Is surgical volume still the most accurate indicator of blood usage in the United States?
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Is surgical volume still the most accurate indicator of blood usage in the United States?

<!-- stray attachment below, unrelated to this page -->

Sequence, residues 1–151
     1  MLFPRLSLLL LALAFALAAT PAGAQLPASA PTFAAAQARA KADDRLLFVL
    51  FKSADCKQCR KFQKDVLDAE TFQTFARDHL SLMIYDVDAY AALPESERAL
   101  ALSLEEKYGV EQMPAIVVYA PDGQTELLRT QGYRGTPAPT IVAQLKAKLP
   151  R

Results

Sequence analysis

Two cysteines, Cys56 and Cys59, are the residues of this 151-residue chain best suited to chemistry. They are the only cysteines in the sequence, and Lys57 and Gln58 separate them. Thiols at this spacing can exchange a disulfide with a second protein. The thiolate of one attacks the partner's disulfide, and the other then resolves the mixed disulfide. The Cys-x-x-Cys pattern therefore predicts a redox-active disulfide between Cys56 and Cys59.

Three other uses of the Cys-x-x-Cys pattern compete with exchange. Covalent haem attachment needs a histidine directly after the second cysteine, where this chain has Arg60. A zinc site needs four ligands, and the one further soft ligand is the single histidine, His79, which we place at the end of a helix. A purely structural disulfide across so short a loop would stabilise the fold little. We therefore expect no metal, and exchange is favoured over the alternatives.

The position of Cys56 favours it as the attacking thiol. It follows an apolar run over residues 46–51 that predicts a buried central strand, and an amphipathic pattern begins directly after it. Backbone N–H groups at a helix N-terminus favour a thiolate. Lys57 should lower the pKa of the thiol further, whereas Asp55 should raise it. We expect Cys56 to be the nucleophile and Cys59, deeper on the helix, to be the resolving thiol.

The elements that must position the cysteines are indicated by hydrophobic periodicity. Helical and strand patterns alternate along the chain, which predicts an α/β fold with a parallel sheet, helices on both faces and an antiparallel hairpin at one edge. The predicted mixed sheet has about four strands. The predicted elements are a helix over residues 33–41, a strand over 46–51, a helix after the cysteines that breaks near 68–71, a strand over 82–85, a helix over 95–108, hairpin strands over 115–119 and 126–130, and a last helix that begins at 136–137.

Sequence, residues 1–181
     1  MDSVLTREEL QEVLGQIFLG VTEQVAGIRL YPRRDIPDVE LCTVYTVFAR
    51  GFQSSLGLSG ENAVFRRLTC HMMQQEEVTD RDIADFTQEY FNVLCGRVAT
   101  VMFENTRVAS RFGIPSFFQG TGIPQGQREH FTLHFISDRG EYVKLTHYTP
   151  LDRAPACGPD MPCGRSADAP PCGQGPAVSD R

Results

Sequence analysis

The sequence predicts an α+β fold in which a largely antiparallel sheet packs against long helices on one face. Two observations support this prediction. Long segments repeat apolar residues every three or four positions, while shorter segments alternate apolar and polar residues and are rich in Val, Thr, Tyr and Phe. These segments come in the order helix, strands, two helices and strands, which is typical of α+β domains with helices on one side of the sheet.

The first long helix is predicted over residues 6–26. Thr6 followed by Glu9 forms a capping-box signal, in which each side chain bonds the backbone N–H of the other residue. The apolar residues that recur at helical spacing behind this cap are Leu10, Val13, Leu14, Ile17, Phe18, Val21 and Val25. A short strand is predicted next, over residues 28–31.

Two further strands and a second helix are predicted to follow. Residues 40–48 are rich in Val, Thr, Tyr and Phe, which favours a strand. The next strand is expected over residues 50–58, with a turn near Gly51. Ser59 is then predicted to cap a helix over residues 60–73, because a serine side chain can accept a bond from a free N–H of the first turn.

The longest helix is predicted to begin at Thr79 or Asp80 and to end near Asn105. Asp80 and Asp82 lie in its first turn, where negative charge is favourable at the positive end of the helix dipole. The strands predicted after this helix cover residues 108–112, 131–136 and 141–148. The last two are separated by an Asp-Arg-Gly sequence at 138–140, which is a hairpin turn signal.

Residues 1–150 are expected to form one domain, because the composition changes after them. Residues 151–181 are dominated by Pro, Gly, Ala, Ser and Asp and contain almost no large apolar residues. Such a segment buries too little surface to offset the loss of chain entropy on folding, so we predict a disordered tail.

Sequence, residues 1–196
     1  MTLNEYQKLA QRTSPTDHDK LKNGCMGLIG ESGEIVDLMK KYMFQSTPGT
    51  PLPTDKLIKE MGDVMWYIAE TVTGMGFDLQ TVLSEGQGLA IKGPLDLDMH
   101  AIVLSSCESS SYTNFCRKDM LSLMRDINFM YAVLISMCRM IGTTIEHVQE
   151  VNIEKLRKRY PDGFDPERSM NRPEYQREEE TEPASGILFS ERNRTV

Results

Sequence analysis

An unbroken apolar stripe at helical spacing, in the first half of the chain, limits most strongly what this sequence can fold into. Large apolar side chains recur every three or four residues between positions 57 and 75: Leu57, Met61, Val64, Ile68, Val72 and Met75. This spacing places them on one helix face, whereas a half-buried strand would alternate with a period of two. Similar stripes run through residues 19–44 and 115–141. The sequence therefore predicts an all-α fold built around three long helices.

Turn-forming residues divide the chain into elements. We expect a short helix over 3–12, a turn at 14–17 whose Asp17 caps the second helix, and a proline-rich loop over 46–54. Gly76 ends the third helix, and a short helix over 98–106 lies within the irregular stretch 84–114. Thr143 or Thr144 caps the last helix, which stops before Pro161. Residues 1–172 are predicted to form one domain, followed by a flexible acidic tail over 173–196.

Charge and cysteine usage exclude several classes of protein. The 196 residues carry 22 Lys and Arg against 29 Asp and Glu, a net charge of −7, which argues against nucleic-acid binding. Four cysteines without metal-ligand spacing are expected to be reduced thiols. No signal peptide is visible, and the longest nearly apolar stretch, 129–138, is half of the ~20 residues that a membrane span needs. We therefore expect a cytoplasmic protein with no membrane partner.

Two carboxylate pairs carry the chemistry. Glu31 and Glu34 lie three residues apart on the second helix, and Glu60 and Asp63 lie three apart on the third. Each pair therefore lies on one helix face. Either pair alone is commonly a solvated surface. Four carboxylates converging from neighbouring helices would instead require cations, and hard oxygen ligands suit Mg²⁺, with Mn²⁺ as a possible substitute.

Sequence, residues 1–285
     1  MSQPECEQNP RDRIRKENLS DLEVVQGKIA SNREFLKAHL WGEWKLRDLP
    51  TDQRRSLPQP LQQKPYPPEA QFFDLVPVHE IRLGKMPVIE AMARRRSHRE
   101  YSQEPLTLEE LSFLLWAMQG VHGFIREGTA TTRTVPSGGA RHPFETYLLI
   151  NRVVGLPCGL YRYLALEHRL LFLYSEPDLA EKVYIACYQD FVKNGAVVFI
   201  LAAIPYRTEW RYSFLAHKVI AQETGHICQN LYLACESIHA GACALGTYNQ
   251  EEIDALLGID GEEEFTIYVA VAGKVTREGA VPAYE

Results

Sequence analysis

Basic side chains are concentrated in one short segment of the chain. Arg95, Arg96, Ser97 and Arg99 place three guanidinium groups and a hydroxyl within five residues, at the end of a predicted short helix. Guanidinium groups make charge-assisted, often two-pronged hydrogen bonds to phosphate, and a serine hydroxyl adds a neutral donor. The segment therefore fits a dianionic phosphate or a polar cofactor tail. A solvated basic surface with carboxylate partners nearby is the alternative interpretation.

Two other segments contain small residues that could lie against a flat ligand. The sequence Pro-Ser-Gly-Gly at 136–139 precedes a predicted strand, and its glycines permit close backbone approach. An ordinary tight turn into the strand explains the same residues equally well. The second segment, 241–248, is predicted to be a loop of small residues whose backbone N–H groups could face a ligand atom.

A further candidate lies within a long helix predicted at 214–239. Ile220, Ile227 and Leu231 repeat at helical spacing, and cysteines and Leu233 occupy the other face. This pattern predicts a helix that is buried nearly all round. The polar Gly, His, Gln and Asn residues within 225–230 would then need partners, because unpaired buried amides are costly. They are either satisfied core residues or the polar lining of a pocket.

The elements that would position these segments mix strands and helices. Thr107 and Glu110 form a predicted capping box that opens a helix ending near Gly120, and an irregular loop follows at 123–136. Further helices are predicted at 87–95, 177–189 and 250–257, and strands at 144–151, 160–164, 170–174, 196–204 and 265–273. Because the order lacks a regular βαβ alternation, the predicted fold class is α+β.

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      BACKGROUND: Estimates of blood collection and use in the United States derived from the National Blood Collection and Utilization Survey (NBCUS) call for application of robust statistical methods in the analysis of survey data. Since 1993, annual inpatient surgical volume has been used as the main stratification variable for sampling and estimation. However, recent NBCUS results have shown a decrease in blood use in surgical settings, raising the possibility that inpatient surgical volume may no longer be the optimal stratification variable. The objective of this study is to explore factors affecting hospital blood utilization. STUDY DESIGN AND METHODS: A multivariate generalized linear regression with a negative binomial distribution was used to determine which hospital characteristics best explained allogeneic red blood cell (RBC) use, using data from the 2015 NBCUS to determine hospital blood use and the 2013 annual American Hospital Association database to identify hospital characteristics. RESULTS: Annual inpatient surgical volume explained the most variation in allogeneic RBC use among hospitals (pseudo-R2 of 70.8%). Additional variables, such as presence of an oncology service, were also statistically significant in the models but explained little additional variability in blood use. CONCLUSION: These findings suggest that annual inpatient surgical volume is an appropriate indicator for estimating blood utilization in the United States. As trends in blood utilization continue to evolve, ongoing analytic efforts to understand indicators of blood use are necessary.
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